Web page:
When manufacturers tack the word “varmint” on to a rifle they are usually compelled to do one of two things: chop off the barrel to 22 inches and mill it full of flutes or they slap it into a wide, beavertail stock designed to be stable when shot from a bench. Neither is ideal for long-range coyote hunting. Of .243-caliber varmint guns on the market, few are offered in a 26-inch barrel – the Remington 700 SPS Varmint (pictured above) is one; Savage makes another. For a walk-and-stalk hunt in the wide-open West, I’d concede to a rifle with a moderately lighter 24-inch barrel. Either way, a mounted bipod, quality optics, and a good laser rangefinder are mandatory.

The Proper Setup
If a coyote can’t hear you calling, it doesn’t matter how good the spot is. On windy days, stay home or plan on calling multiple, short sets. However, on calm days, a coyote can hear a mouth-blown call more than a mile away, but it might take him 30 minutes are more to come that far, so stick out your sets as long as you can.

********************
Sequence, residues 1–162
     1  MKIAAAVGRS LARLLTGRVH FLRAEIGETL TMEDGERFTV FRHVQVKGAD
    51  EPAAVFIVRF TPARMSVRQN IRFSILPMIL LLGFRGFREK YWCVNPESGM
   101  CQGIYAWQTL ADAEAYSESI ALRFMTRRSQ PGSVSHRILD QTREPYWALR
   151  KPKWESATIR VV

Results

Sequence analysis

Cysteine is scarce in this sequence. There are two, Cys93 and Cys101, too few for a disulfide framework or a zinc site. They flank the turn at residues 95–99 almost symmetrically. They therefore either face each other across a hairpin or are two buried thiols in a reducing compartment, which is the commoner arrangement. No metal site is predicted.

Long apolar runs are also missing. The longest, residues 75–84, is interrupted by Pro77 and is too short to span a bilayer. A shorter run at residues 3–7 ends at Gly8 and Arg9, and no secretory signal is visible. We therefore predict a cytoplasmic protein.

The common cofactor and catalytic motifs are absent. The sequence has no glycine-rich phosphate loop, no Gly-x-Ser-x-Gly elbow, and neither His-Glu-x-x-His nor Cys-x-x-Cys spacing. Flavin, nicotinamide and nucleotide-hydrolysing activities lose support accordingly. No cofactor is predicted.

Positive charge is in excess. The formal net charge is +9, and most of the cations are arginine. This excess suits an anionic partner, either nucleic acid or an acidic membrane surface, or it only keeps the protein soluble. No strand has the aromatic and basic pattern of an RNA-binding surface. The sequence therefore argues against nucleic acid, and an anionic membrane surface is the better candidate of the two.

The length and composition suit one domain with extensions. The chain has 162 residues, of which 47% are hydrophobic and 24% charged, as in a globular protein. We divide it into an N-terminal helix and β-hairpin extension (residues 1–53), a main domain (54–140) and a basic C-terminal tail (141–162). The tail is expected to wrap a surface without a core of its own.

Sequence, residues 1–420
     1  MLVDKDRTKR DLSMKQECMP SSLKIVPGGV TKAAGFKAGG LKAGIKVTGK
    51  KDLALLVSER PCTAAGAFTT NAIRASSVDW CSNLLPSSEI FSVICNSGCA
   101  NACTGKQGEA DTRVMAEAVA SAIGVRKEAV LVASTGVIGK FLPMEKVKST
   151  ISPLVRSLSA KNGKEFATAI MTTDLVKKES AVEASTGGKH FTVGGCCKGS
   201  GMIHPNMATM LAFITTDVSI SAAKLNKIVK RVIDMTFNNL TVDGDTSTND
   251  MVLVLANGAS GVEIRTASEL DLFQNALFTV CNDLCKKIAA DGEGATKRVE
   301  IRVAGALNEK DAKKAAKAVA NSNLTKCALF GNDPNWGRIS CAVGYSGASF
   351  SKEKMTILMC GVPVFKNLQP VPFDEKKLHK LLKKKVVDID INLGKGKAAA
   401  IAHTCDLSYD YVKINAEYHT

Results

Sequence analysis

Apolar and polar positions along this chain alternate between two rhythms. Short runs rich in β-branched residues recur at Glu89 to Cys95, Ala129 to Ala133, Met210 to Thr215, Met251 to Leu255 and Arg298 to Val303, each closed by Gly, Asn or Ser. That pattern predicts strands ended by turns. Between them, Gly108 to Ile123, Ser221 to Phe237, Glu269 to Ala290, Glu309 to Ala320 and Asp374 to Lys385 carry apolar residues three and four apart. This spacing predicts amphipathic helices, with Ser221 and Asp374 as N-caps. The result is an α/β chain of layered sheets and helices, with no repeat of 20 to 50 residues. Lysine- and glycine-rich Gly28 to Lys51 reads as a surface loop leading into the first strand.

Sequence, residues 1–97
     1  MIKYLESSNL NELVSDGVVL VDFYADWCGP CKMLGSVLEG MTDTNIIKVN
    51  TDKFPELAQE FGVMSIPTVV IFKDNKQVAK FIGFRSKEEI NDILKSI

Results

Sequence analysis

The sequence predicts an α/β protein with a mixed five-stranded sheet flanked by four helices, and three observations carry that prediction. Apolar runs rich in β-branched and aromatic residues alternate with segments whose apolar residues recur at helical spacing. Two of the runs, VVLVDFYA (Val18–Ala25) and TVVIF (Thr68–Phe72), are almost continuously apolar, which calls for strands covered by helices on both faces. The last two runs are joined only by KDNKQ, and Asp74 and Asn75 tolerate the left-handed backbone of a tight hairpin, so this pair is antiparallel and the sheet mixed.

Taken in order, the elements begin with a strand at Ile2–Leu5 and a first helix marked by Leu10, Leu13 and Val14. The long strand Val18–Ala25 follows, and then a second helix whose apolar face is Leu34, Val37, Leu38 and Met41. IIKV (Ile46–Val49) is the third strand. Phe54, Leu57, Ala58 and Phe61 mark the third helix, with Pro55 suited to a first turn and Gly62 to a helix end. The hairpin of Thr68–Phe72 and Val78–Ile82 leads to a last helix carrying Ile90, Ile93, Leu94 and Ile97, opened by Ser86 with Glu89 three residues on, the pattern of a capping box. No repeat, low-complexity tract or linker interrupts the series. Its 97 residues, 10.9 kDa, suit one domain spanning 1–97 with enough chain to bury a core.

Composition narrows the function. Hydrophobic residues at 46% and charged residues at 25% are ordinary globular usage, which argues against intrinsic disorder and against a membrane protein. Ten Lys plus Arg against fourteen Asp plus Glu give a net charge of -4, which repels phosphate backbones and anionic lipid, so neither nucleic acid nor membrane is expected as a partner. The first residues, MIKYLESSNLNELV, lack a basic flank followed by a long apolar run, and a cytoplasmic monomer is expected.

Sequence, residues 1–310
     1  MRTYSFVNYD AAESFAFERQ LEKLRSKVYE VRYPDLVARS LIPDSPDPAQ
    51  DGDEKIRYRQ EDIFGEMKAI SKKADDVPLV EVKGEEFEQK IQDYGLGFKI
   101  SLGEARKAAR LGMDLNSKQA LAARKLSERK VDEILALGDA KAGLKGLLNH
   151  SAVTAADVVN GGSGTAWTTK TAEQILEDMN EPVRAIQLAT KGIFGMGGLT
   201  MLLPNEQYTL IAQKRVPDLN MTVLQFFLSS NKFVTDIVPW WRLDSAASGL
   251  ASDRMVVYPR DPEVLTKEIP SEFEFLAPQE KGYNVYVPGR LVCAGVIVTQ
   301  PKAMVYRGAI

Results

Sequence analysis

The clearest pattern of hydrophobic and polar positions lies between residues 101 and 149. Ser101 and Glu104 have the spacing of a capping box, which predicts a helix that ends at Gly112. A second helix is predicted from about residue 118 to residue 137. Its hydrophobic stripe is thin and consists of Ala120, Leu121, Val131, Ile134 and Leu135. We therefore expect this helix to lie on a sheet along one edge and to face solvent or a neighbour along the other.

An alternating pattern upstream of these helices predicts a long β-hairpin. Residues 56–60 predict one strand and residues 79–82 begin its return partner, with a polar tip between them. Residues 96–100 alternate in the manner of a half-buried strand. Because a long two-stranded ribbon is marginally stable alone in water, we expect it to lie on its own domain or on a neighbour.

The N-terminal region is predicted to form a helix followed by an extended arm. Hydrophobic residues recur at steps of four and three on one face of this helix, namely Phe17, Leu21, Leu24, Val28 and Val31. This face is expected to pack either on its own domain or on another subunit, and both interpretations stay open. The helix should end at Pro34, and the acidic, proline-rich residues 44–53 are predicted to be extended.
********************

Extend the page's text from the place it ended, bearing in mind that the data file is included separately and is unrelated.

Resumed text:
For maximum visibility stake out the highest point around, but remember, if you can see a coyote from a quarter-mile, he can spot movement from just as far. Stay still and only move when an approaching dog is obscured from view. Consider an electronic caller with a user-friendly remote to further minimize movement.

One final point: Don’t think the long-distance game will get you out of playing the wind as coyotes live, and die, by their nose. It does give you an advantage, however. Get the breeze in your face, quartering slightly onto your right side (for right-handed shooters), so you’ll be in the perfect position to bust him as he tries to circle downwind.